France Votes

France Votes
by Stephen Lendman
A state of emergency exists, declared by outgoing President Hollande in November 2015 after the Paris Charlie Hebdo/kosher market false flag attacks.
At the time, Hollande called what happened “an act of war,” suspending constitutional rule, followed by lawmakers enacting France’s version of America’s Patriot Act.
He and parliamentarians exploited the incidents to crack down hard on civil liberties, human rights, and other democratic principles.
Fear-mongering propaganda persists, convincing people to believe sacrificing fundamental freedoms protects their security.
On election day, France resembles an armed camp, following the violent Champs Elysees incident by an alleged ISIS sympathizer, creating unwarranted hysteria.
Over 50,000 soldiers and police are deployed at polling stations and elsewhere in Paris and other cities.
The election is too close to call – four leading candidates vying to be two finalists, facing off against each other in May 7 runoff voting:
  • Prime Minister Francois Fillon;
  • former economy, industry and digital affairs minister Emmanuel Macron;
  • Left Party’s Jean-Luc Melenchon; and
  • National Front leader Marine Le Pen.
On June 11 and 18, National Assembly elections will be held. On April 24 – 26, the Constitutional Council will verify first round presidential results, the same procedure following the May 7 runoff.
France’s new president is expected to be inaugurated on May 14, possibly sooner. Fillon and Macron represent dirty business as usual.
Melenchon’s campaign featured anti-capitalist rhetoric. His popularity surged in its closing days. He favors taxing the rich, renegotiating international trade deals and France’s EU role, ending nuclear power, treating refugees humanely, and more greatly empowering parliament.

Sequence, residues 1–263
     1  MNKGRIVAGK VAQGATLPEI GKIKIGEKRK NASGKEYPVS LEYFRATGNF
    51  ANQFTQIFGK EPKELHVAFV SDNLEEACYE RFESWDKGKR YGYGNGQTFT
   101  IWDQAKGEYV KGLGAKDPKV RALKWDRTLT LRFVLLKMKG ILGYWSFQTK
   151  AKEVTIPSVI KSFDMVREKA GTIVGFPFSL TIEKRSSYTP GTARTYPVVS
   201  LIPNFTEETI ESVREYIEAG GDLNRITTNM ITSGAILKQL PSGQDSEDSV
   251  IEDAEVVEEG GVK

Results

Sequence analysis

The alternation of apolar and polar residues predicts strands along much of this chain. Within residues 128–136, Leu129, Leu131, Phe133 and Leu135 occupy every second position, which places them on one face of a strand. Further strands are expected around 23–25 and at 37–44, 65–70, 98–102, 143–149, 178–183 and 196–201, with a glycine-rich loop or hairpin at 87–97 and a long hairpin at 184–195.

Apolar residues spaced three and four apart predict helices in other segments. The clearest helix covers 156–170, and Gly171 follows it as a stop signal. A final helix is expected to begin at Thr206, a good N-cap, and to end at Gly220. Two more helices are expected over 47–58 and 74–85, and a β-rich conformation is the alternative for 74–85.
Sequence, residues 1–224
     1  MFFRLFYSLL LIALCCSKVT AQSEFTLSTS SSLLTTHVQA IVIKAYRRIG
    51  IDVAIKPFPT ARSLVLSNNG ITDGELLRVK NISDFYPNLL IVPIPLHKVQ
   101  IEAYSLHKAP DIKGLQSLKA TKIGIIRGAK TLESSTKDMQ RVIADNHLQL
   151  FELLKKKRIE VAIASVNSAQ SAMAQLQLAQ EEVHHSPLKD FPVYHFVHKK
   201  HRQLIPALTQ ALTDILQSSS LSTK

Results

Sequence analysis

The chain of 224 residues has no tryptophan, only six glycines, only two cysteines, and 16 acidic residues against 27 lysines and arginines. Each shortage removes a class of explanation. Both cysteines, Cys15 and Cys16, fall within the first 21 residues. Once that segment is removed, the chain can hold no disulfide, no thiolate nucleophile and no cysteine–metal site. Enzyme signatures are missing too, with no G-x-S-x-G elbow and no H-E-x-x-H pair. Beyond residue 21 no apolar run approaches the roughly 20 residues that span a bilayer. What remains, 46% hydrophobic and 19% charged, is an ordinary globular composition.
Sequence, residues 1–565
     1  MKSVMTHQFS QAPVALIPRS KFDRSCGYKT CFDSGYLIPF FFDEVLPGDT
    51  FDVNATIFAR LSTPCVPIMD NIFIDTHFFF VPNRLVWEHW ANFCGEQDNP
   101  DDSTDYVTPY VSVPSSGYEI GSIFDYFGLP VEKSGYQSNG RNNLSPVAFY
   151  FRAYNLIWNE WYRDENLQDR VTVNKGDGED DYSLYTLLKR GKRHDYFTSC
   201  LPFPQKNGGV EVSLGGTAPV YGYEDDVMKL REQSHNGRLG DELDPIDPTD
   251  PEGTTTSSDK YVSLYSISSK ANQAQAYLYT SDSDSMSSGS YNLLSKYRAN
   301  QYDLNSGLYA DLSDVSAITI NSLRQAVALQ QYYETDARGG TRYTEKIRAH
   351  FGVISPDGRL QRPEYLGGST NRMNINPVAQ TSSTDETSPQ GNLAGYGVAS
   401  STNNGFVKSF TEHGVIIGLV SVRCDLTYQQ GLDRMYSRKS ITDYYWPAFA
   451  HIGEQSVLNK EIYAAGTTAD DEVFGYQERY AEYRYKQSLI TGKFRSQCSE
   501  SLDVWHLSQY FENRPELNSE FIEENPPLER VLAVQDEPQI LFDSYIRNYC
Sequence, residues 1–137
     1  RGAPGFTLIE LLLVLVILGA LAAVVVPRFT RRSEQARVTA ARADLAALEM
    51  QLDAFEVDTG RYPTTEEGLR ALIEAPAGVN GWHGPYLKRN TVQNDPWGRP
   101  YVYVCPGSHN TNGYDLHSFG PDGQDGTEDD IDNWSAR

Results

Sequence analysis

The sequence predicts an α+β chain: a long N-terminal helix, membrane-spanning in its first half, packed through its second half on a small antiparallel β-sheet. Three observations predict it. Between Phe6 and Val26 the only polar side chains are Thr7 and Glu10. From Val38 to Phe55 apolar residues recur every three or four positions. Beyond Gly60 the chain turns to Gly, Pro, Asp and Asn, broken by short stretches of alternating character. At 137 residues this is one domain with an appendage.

He rejects succumbing to fear and panic, saying “(o)ur duty as citizens is to stay away from the polemics our enemies are dreaming of, and, on the opposite, to stay together.”
In March, Le Pen announced her “144 presidential commitments,” including:
Banking and monetary system
  • Scrap the 1973 law that secures independence of the Bank of France
  • Restore a national currency to face “unfair competition”
  • Allow the Bank of France to directly fund the Treasury
  • Restore “monetary, legislative, territorial and economic sovereignty”
  • Cut interest rates on loans and banking overdrafts for companies and households
  • Scrap EU regulation that freezes or bans the withdrawal of deposits (life insurance and savings) in case of a financial crisis or bank run
  • Organize a referendum on France’s European Union membership
  • Pull out of the Schengen accord that guarantees freedom of movement
  • Recreate a 6,000-strong border-control police unit
  • Ban posted workers from EU countries to work in France
  • Replace EU’s agricultural pact with a French agricultural deal
  • Promote “smart protectionism”
  • Ban foreign companies with optimization tax-scheme from having access to public markets
  • Support French companies in face of “unfair international competition”
  • Ban imports of all type of goods that don’t respect French norms
  • Create a “patriotic economy” by rescinding EU laws that ban national preference for public orders
  • Ban foreign investors from strategic and “important” French industries
  • Create a sovereign fund to protect French companies from “vulture” funds and takeovers
  • “Refuse trade agreements” such as CETA,TAFTA, accords with Australia and New Zealand
  • Cut regulated natural gas and electricity prices by 5 percent “immediately”
  • Maintain state control on EDF, start a major multibillion euros re-fit plan of the country’s nuclear plants, keep Fessenheim nuclear plant open
  • Ban shale-gas exploration “until environment, security and health conditions are satisfactory”
  • Set a moratorium on windmills for power generation